We must confess we approach a description of the third act with diffidence. Such intense pathos, we feel, demands words of more sombre sound—ink of a darker hue, than we can command. The third scene is, in particular, too extravagantly touching for ordinary nerves to witness. Mary Clifford is in bed—French bedstead (especially selected, perhaps, because such things were not thought of in the days of Mother Brownrigg) stands exactly in the middle of the stage—a chest of drawers is placed behind, and a table on each side, to balance the picture. The lover leans over the head, the mother sits at the foot, the father stands at the side: Mary Clifford is insane, with lucid intervals, and is, moreover, dying. The consequence is, she has all the talk to herself, which consists of a discourse concerning the great “governors,” her cruel mistress, and her naughty young master, interlarded with insane ejaculations, always considered stage property, such as, “Ah, she comes!” “Nay, strike me not—I am guiltless!” Again, “Villain! what do you take me for?—unhand me!” and all that. Then the dying part comes, and she sees an angel in the flies, and informs it that she is coming soon (here it is usual for a lady to be removed from the gallery in strong hysterics), and keeps her word by letting her arm fall upon the bed-clothes and shutting her eyes, whereupon somebody says that she is dead, and the prompter whistles for the scene to be changed.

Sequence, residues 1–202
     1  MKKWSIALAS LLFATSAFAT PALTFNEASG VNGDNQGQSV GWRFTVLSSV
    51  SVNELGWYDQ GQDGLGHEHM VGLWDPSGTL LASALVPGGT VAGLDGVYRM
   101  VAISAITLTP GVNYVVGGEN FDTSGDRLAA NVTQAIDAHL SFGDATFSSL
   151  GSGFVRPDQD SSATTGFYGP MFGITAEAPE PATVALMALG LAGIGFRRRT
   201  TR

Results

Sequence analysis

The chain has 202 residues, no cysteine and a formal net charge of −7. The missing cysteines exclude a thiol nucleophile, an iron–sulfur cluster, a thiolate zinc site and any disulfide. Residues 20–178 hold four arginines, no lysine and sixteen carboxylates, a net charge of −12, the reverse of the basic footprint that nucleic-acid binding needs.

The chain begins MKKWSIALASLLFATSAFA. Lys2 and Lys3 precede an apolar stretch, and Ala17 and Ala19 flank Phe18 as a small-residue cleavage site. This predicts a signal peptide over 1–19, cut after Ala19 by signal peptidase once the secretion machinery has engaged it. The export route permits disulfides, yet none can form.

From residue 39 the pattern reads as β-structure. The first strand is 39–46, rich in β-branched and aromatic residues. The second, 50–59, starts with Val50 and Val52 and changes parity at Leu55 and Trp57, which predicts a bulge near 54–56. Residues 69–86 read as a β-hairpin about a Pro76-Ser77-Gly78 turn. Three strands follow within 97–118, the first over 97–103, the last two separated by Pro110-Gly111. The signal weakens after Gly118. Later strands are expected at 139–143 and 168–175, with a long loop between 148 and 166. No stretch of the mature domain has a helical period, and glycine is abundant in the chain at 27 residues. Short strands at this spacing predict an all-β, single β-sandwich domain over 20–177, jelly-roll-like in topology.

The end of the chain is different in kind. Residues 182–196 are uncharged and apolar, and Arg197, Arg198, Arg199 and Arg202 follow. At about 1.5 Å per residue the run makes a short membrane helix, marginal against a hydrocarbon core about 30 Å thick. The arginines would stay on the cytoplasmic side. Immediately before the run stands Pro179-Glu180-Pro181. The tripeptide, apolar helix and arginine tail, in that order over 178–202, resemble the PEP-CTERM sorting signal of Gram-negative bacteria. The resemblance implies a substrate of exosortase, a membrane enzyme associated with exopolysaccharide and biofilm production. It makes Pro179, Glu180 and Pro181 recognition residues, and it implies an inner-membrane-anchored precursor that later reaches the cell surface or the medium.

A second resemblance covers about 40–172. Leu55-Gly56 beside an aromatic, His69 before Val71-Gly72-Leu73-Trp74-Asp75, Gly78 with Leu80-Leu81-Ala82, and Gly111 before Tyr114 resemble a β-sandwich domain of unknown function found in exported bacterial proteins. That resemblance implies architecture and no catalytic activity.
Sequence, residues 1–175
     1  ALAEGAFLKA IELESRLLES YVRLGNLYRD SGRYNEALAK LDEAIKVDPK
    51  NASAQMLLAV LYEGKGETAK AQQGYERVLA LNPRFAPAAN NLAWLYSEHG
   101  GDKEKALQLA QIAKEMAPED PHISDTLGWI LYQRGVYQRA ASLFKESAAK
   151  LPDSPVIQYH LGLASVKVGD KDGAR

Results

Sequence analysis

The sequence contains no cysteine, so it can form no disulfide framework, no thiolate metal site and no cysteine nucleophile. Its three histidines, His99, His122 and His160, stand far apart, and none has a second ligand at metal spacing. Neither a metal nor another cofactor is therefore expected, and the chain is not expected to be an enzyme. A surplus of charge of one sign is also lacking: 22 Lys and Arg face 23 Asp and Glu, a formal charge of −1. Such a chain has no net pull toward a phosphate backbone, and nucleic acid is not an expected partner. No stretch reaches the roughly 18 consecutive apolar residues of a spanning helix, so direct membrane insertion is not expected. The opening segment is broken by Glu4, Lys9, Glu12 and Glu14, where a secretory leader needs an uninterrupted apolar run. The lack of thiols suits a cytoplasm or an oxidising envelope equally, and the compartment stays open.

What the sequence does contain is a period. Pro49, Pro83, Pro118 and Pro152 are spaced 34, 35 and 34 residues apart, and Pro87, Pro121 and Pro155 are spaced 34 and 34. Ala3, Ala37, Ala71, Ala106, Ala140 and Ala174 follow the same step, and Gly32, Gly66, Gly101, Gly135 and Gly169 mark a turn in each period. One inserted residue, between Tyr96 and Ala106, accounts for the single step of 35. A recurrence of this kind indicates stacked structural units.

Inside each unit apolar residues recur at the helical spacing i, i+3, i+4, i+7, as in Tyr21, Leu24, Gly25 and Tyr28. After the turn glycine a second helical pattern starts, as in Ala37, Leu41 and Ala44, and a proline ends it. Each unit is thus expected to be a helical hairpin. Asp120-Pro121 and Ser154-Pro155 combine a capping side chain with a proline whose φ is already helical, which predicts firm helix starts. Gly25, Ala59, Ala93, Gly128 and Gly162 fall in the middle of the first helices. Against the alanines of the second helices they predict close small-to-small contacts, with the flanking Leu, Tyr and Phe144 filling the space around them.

In the last scene, criminal justice takes its course. Mrs. Brownrigg, having been sentenced to the gallows, is seen in the condemned cell; her son by her side, and the fatal cart in the back-ground. Having been brought up genteelly, she declines the mode of conveyance provided for her journey to Tyburn with the utmost volubility. Being about to be hanged merely does not seem to affect her so poignantly as the disgraceful “drag” she is doomed to take her last journey in. She swoons at the idea; and the curtain falls to end her wicked career, and the sufferings of an innocent audience.
* * * * *
PUNCH, OR THE LONDON CHARIVARI.
FOR THE WEEK ENDING AUGUST 28, 1841.
* * * * *
THE HEIR OF APPLEBITE.
INTRODUCES THE READER TO THE APPLEBITE FAMILY AND TO AGAMEMNON COLLUMPSION APPLEBITE IN PARTICULAR.